Indigenous peoples in Israel
Approximately 190,000 Arab-Bedouins (or 2.6 percent of Israel’s overall population) live in the Negev desert of Israel.
During the 1948 war, some 65,000 of the Naqab (Negev) Bedouin fled to Gaza and the West Bank, leaving only 12,000 within Israeli borders. In the early 1950s, the Israeli Government concentrated this indigenous semi-nomadic population within the so-called Siyag (Siyaj in Arabic), a restricted geographical area in eastern Negev of approximately 1,000 km2 (or about 10% of the Bedouins’ former territory).
Today, half of the Bedouin population lives in villages unrecognized by the state of Israel. These villages do not appear on Israeli maps, have no road signs indicating their existence, and are denied basic services and infrastructure, including paved roads, running water, garbage disposal, electricity, and proper schools and clinics. It is illegal to build permanent structures in these villages. Those that do so risk heavy fines and home demolitions.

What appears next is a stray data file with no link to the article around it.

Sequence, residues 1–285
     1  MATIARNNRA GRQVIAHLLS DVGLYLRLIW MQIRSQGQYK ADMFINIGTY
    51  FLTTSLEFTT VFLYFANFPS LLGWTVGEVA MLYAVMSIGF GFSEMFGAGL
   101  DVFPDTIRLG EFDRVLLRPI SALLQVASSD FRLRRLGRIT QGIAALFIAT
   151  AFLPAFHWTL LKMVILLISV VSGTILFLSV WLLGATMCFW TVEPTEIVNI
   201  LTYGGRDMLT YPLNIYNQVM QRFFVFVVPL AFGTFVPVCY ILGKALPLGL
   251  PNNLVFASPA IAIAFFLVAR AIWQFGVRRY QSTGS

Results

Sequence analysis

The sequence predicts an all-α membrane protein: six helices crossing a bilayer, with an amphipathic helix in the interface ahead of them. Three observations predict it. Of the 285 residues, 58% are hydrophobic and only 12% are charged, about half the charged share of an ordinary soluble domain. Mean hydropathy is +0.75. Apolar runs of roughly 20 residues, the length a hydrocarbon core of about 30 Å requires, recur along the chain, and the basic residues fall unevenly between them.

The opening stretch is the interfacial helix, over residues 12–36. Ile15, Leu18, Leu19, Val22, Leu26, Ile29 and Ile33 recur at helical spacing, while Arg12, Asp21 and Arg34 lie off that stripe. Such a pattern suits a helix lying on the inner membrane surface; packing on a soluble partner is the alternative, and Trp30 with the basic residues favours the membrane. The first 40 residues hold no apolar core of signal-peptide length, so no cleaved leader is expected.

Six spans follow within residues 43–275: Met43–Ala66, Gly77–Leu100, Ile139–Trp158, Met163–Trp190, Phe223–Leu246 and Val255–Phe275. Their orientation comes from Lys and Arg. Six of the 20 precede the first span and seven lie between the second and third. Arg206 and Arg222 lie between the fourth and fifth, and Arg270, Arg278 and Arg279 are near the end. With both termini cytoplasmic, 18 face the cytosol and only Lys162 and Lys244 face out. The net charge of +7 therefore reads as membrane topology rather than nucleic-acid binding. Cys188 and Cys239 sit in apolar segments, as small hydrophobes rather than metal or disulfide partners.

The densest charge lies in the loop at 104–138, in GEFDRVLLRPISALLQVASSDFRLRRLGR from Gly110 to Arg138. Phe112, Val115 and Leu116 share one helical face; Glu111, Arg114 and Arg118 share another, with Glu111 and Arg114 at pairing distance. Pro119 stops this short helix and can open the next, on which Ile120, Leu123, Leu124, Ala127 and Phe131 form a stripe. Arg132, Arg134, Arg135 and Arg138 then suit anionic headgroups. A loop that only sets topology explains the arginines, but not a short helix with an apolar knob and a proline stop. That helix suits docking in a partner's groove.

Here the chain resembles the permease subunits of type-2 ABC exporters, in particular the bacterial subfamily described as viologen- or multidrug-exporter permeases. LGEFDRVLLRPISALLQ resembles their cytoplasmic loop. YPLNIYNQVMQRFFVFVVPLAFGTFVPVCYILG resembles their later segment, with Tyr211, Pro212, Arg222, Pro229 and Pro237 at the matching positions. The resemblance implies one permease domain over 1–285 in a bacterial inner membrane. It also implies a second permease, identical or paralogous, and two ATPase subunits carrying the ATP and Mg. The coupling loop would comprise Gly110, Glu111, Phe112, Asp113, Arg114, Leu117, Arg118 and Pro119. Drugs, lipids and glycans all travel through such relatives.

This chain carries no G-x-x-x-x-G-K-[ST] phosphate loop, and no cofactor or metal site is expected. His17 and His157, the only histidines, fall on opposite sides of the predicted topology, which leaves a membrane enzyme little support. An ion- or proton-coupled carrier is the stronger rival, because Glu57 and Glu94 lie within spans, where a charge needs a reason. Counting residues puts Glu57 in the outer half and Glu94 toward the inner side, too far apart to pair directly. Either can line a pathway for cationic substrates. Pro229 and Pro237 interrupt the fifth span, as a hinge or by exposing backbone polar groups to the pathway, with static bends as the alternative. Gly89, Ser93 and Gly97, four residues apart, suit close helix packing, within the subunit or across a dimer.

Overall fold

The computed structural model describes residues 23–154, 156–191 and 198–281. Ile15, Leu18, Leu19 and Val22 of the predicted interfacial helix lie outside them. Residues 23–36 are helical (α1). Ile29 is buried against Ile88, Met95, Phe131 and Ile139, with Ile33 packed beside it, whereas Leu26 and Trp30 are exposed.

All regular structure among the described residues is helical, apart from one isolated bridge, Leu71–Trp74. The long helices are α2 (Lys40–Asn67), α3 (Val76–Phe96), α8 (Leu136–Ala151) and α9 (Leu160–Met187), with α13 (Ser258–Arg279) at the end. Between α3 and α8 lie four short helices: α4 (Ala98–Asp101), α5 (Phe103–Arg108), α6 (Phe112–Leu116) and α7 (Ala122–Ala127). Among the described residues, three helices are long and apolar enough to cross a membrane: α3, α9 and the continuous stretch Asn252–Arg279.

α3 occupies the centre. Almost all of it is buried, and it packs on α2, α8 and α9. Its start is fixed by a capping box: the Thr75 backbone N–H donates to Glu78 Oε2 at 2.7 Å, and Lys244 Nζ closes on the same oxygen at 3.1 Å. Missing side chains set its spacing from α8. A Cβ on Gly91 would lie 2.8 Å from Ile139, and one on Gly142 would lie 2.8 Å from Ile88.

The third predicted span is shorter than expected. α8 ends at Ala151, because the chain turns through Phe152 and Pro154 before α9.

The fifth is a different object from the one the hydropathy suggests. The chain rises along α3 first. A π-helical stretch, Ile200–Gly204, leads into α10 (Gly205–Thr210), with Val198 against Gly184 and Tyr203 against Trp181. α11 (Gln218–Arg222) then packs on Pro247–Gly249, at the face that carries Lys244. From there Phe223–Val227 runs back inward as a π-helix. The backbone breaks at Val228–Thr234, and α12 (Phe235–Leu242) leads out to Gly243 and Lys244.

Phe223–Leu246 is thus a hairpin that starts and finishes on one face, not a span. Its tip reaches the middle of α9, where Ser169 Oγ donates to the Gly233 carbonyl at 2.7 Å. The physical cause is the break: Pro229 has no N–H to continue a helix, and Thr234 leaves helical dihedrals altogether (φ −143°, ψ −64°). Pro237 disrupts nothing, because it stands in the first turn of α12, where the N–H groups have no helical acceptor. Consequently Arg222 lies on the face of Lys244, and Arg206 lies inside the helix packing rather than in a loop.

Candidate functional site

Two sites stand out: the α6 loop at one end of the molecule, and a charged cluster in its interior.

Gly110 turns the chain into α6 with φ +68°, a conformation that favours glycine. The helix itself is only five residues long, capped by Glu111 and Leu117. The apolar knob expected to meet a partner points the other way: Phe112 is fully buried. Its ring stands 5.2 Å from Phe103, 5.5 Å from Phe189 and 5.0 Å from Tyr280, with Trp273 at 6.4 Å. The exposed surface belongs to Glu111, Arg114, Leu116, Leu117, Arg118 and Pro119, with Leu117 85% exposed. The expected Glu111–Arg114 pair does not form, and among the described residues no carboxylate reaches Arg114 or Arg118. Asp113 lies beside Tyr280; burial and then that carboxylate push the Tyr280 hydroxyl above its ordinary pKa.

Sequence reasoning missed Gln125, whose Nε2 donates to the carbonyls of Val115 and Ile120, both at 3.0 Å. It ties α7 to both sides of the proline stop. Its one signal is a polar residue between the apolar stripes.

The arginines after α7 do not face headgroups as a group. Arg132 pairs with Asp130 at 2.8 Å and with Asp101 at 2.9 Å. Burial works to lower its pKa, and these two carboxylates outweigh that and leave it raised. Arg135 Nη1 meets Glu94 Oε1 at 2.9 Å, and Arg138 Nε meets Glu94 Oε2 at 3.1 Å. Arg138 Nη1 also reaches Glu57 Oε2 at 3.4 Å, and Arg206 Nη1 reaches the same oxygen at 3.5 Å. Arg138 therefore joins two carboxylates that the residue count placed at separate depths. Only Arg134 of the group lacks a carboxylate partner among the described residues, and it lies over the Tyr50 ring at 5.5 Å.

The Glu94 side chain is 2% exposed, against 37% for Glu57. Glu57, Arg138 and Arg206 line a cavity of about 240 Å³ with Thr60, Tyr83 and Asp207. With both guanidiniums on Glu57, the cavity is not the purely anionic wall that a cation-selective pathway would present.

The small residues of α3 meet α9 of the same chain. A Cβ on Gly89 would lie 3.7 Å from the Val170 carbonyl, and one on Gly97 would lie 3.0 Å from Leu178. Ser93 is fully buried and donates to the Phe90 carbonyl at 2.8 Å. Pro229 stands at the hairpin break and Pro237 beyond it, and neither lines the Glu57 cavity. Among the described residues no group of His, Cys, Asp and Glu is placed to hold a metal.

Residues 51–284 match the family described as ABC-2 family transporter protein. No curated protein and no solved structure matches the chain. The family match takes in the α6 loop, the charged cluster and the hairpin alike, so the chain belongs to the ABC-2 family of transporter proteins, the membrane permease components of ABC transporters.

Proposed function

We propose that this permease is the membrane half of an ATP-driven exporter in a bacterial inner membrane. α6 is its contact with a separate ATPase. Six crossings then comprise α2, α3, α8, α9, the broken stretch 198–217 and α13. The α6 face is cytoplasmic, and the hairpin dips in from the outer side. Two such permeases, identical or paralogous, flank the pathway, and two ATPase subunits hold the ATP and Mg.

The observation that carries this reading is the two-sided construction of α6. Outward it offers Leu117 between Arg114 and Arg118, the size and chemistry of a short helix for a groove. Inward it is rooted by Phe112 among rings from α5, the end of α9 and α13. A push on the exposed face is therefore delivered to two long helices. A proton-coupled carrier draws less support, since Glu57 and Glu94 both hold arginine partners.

The other half of the Bedouin population is concentrated in seven government-planned townships, built between the late 1960s and early 1990s in the Siyag area as urban centers, giving little or no consideration to the traditional Arab-Bedouin way of life, and without providing possibilities for local employment.